Rather than parading these outsiders across the screen for us to laugh at, the filmmakers present the characters and events with an air of dignity akin to a PBS special about an isolated island culture (but without an annoying posh British man spelling everything out for you and dropping his tone an octave at the end of every sentence).

Now don’t get me wrong here – this documentary isn’t trying to make the world take LARP seriously. It’s obviously the goofiest thing to happen since baggy bondage pants. But the filmmakers make the bold assumption that you, the viewer, are not a total moron and decide to let you discover the humor yourself, rather than hitting you over the head with it for 79 minutes.

All in all, this documentary is pretty awesome and just plain fun. Plus, if after watching it you ever find yourself stuck in an elevator with a dude wearing a cape, you guys should totally have something to talk about.

To see how many HP I give this movie, roll 2D6 (drop lowest, +3 CON).

A Second Opinion
I took a liking to just about every person in Monster Camp. This is a documentary about a bunch of people who never managed (or simply refused) to abandon their imagination upon entering adulthood, and I think that’s pretty cool. If you’re unfamiliar with the concept of LARP, and you classify yourself a nerd in an sense, then you will probably get a kick out of this movie. If not, then you should probably skip it.

-Rik

Lo

 Posted by at 9:30 pm  2 Responses »
Feb 172010
 

Guillermo del Toro came to mind when I first saw the cover for “Lo.” I love me some Pan’s Labyrinth, but I’ve had my heart broken by independent film covers before. Trepidatiously, I fired up the ol’ netflix and gave Lo a shot. Good thing I did, too, because it straight rocked my shit!

Lo begins with Justin, sitting alone in the middle of a pentagram he’s painted on his apartment floor. Now I’m no big shot wiccan, but I’ve watched enough movies to know you should never practice witchcraft alone. But it turns out that Justin needs to summon a demon to go fetch his girlfriend, April, from the depths of hell, and love makes people do stupid things. After slicing his hand open with a kitchen knife and stabbing the floor, the demon Lo appears. Lo is one part Oderus Urungus, one part Beetlejuice, and 100% fucking hilarious. And the movie goes on; Justin and Lo in a dark room for nearly an hour and a half. There are “flashback” scenes, all of which take place on a shoddily crafted stage and are acted out in the manner of a high school play. And there are song and dance numbers, and other demons and zombies too, but really, the meat and potatoes of this movie takes place in a dark room.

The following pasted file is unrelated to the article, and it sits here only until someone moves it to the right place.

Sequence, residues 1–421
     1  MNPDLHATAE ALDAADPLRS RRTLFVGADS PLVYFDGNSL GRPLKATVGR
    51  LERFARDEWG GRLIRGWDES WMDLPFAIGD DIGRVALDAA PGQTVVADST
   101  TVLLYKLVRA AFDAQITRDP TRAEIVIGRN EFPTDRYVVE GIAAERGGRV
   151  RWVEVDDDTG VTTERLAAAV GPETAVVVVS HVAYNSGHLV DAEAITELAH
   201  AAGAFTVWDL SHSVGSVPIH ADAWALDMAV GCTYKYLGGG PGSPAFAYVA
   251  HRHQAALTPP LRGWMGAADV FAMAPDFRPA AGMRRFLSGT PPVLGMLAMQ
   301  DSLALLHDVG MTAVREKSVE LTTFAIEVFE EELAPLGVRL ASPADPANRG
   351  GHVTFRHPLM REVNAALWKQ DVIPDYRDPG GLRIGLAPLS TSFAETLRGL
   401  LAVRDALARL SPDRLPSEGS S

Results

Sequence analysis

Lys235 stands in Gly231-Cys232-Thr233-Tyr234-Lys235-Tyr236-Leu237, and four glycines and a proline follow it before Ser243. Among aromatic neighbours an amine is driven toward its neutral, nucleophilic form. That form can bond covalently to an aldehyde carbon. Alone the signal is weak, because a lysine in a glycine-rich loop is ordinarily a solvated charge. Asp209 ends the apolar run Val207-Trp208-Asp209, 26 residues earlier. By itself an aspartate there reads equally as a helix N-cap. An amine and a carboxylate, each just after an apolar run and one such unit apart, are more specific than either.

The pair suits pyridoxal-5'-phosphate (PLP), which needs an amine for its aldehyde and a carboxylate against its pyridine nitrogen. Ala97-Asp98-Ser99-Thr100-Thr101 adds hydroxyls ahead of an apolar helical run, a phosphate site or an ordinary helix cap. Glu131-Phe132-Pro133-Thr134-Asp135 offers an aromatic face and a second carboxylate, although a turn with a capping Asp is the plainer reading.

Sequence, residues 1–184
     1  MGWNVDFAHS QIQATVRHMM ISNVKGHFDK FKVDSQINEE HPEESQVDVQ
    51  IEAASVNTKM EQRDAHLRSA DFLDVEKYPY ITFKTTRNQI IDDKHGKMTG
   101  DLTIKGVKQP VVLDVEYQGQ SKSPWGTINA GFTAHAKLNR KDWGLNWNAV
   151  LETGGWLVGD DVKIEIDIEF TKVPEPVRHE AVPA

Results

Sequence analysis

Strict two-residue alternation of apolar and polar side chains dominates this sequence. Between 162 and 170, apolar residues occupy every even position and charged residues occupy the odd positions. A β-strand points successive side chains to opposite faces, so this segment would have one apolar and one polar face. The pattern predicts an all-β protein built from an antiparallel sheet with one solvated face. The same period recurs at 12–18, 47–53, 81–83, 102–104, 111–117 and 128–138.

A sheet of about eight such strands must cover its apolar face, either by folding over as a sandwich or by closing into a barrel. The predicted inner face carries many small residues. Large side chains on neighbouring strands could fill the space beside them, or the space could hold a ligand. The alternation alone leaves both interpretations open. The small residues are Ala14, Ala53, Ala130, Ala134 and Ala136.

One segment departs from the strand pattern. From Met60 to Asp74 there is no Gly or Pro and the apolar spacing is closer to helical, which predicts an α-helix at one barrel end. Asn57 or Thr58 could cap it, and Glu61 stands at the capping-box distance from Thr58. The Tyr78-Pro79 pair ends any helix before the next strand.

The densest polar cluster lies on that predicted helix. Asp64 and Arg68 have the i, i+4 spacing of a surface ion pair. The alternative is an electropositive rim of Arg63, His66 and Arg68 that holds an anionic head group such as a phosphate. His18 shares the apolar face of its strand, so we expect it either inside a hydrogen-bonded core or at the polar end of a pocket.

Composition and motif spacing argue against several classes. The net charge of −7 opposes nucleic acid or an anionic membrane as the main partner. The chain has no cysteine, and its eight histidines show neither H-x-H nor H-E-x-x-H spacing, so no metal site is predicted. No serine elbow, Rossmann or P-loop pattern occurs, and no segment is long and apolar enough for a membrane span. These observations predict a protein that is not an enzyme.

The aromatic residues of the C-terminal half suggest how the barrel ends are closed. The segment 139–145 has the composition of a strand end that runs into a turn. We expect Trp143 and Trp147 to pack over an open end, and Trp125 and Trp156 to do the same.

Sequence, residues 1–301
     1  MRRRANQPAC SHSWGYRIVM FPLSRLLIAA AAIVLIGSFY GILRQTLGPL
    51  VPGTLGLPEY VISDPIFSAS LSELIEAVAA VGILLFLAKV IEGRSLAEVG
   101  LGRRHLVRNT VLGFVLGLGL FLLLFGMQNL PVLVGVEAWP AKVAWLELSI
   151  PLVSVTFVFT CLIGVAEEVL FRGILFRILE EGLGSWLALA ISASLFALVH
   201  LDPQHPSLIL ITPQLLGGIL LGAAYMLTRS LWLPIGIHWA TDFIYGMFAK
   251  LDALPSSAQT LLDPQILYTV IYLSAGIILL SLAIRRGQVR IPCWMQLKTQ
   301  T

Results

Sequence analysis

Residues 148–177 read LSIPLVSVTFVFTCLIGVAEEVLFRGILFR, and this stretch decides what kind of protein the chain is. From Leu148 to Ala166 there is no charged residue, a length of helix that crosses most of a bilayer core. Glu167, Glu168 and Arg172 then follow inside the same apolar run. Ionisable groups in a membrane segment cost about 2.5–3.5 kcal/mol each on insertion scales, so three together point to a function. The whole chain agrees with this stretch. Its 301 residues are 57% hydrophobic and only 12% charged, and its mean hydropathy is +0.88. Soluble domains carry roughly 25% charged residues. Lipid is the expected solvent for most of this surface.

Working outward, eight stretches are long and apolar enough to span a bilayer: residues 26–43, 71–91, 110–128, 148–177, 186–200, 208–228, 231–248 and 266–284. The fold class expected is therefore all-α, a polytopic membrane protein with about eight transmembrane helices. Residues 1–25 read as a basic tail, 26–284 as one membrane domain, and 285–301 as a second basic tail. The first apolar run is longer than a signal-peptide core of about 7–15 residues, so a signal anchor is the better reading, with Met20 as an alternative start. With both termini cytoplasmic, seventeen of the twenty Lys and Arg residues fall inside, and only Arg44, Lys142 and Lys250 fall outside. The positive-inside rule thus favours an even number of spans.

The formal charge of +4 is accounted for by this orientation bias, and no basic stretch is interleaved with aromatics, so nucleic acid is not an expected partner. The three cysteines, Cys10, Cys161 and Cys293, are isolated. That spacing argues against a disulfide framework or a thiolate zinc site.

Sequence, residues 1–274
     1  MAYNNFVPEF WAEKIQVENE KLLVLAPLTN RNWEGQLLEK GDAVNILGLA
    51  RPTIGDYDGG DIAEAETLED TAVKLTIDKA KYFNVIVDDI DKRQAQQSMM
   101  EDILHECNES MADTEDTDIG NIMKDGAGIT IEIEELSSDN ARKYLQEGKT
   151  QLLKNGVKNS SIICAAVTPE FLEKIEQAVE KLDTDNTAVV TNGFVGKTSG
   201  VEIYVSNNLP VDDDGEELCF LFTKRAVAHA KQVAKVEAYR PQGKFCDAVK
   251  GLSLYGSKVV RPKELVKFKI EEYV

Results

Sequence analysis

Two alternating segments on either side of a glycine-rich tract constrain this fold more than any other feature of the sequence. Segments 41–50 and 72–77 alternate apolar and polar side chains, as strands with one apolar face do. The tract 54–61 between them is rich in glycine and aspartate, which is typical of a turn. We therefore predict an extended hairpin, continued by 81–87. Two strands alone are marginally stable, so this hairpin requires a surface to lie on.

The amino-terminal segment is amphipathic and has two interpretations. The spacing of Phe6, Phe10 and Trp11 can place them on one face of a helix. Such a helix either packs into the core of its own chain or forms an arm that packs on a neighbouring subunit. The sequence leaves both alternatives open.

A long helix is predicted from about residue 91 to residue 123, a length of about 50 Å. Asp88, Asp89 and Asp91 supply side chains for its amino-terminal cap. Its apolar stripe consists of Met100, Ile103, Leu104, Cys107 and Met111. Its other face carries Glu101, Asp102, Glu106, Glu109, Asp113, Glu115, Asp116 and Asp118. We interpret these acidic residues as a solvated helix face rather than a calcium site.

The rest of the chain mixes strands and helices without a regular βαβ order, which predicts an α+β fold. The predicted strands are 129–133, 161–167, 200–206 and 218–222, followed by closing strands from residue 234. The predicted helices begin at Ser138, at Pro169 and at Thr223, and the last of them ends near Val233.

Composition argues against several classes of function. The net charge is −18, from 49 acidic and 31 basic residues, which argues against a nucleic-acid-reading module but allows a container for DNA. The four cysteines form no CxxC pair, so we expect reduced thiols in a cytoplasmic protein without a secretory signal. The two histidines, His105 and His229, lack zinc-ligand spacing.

If this all seems a bit cheesy, that’s because it totally is, but in all the right ways! Writer/director Travis Betz crafts a pretty epic story, and makes it work on a pretty limited budget. The fact he manages to never take himself too seriously works in his favor. Some of the acting is never spot on, and there are a couple of scenes that seem to drag, but in the end Lo is just plain fun to watch. There are open knife wounds that talk, zombies that play in a band, demons that swear, sing and sling one-liners. And though Lo draws plenty of inspiration from Raimi, del Toro and Gwar, when it all boils down, it’s a love story. A pretty original love story with some good twist that should keep you interested during it’s short, 80 minute run time.

A while back I watched a movie called “Ink” and man, did that movie suck. Some people might whine, “but Rik, Ink was an independent film, created on a razor-thin budget.” To those people I say shut the fuck up and see Lo. This, my friends is how low budget movies are made. And when you consider that Transformers 2: Rise of the Machines cost 200 million fucking dollars to make, Lo is a goddamn triumph of modern cinema.

I give Lo: 4 out of 5 pentagrams.

Chocolate

 Posted by at 2:47 am  1 Response »
Feb 162010
 

I gotta tell ya, folks, Chocolate threw me for a loop. I went into it expecting your standard kung-fu kick-em-up. Instead, I was one-inch-punched in the heart by the touching story of a lovable young autistic girl named Zen. And then when my defenses were lowered, I was E. Honda hundred-hand-slapped in the fucking mouth with some of the most bad-ass and creative martial arts choreography I’ve seen in a while.

Here’s the deal: So there’s this chick Zin who’s the girlfriend of a crazy-ass Thai mob boss. She falls in love with this dude Massahi, who works for a Thai chapter of the Yakuza. They have a short but active love affair and are finally exposed. Needless to say, the boss is pretty pissed about this and cuts ties with Zin, leaving her to fend for herself.  He also banishes Massahi back to Japan and informs him in no uncertain terms that his relationship with Zin is over as hell. However, unbeknownst to the now absent Massahi, Zin is preggers and she eventually pops out their love child Zen, who, as it turns out, is autistic. But wait. It gets better.